By far the coolest part of the whole experience, though, was getting to meet Dr. Mawson, who gave me the award — and a conversation I’ll never forget. She was even more kind, humble and generous than I could’ve ever imagined. She clearly did her homework on who I am, both in and out of the pool. Before and after the ceremony, Dr. Mawson kept congratulating me and stating how excited she was to be part of this, which I appreciated so much because all I could think was, “You’re the famous one here! I’m getting an award named after you!” She didn’t make it all about herself, even though I would argue it certainly was.
One of my biggest takeaways from our conversation is just how valuable it is to make connections with your fellow student-athletes, be it past, present or future, and continuing on that Jayhawk legacy. It helped me realize what we do during our time at KU is important, but equally as key is what we do afterward. It’s so much bigger than ourselves and the bubble we exist in during our careers. And it inspired me to hopefully, on a much smaller scale, be for others what Dr. Mawson was for me that day: a mentor.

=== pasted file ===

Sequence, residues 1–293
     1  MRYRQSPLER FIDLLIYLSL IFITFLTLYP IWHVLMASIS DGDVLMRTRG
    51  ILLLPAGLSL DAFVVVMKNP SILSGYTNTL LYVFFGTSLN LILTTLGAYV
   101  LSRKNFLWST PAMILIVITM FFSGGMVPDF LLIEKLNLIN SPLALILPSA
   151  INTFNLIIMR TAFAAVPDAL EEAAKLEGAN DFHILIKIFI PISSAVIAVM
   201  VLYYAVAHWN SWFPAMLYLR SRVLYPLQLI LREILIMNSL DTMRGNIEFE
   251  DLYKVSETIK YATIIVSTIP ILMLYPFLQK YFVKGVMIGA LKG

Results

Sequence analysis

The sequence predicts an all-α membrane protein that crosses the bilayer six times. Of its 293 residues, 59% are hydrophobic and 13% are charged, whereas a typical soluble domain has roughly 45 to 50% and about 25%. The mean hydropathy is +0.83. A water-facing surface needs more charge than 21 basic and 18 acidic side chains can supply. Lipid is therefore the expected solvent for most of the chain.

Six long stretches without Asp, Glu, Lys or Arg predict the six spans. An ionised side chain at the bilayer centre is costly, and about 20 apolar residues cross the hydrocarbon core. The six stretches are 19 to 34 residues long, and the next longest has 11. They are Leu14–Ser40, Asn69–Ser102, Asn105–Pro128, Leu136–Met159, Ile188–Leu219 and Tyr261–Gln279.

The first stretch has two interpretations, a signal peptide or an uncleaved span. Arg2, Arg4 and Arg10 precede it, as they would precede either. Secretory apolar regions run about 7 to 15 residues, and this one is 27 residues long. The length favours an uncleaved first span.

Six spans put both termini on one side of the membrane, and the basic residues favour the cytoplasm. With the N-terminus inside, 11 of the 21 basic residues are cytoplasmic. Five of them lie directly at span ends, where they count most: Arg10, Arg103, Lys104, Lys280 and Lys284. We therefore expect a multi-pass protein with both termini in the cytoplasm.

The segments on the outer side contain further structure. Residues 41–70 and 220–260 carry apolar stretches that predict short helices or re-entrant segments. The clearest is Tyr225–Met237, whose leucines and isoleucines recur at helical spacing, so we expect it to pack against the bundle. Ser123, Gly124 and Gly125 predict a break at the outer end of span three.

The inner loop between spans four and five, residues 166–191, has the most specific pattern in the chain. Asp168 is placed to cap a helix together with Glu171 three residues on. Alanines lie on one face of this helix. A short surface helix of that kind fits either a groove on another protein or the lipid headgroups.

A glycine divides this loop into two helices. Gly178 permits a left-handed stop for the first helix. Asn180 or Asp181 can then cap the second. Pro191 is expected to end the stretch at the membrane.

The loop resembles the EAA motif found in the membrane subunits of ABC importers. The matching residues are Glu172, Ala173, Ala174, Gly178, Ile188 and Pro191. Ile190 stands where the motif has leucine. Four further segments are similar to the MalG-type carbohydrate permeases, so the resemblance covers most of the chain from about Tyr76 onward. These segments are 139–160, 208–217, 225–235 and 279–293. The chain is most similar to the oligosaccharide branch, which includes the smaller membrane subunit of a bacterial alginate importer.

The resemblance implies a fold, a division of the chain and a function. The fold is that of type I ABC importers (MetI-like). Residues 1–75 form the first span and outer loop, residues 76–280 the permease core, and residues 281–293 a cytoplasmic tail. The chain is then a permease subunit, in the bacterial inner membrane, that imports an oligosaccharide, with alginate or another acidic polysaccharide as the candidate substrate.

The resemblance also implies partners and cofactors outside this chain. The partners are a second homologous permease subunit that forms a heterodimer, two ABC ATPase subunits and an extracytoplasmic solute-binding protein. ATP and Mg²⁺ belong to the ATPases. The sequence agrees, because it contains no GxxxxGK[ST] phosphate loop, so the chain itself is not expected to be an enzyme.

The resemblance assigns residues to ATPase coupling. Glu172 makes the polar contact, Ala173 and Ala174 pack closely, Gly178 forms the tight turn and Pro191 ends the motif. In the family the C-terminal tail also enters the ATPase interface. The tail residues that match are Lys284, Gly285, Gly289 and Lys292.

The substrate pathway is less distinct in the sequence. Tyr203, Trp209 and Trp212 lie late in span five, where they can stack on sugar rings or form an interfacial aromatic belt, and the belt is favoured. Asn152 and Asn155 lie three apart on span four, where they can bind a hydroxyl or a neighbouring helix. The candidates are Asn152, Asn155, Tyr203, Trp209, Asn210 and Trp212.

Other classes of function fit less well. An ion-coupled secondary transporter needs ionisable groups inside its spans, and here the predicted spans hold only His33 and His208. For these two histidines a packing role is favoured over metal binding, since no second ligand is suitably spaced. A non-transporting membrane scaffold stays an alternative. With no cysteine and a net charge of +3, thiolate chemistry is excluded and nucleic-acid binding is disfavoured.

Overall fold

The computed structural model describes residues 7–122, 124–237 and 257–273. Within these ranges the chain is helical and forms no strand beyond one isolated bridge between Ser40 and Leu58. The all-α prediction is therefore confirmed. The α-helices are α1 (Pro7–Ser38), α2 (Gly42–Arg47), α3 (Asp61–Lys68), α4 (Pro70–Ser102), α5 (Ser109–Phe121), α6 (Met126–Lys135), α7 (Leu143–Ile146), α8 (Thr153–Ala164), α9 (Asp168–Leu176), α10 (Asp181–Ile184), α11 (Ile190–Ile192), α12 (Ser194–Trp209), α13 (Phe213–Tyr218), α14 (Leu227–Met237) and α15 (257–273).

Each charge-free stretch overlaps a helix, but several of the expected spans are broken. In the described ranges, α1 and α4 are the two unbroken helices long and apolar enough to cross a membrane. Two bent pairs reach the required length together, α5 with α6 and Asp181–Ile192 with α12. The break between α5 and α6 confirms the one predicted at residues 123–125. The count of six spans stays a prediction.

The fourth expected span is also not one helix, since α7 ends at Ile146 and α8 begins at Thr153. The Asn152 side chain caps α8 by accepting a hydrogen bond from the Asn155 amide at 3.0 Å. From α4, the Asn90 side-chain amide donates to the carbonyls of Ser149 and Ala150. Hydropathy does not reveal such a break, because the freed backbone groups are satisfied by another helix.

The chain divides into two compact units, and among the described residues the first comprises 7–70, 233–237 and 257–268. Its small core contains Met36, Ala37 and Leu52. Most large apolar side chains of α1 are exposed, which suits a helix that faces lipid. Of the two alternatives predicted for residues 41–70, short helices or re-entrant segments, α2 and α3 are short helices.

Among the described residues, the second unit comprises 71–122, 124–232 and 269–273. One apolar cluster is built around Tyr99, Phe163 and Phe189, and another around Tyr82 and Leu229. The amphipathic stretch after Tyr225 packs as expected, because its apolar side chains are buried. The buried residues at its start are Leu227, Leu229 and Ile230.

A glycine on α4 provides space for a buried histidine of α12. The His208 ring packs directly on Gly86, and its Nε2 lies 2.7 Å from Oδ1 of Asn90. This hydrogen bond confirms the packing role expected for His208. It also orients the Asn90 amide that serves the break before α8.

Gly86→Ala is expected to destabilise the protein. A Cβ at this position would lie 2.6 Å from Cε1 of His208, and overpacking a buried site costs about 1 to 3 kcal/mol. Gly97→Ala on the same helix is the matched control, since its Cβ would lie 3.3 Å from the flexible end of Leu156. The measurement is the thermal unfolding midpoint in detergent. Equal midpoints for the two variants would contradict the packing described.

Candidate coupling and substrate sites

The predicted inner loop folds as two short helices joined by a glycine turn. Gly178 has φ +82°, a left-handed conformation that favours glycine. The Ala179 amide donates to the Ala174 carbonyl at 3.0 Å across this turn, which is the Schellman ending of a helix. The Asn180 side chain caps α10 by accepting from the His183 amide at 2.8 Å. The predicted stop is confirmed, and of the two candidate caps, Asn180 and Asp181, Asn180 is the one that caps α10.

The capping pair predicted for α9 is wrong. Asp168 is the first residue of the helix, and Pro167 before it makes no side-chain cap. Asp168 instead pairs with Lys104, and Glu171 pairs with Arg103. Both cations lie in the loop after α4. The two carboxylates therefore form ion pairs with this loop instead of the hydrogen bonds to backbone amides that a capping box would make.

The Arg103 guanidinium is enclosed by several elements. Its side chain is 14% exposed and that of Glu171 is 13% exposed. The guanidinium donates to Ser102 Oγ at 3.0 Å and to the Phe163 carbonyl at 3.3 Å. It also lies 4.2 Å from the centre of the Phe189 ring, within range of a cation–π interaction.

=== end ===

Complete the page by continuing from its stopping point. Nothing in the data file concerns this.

I truly believe you can never cap out in your growth as a mentor. It’s something I’ve been thinking about a lot as my KU career winds down and my post-collegiate-athletics journey as an elementary educator begins. One of the biggest keys to being a good mentor is knowing there’s never going to be a point in your life where you’re going to live mistake-free, but as long as you acknowledge that reality, are comfortable vulnerability and use those setbacks as teachable moments for others, you can turn any negative into a positive.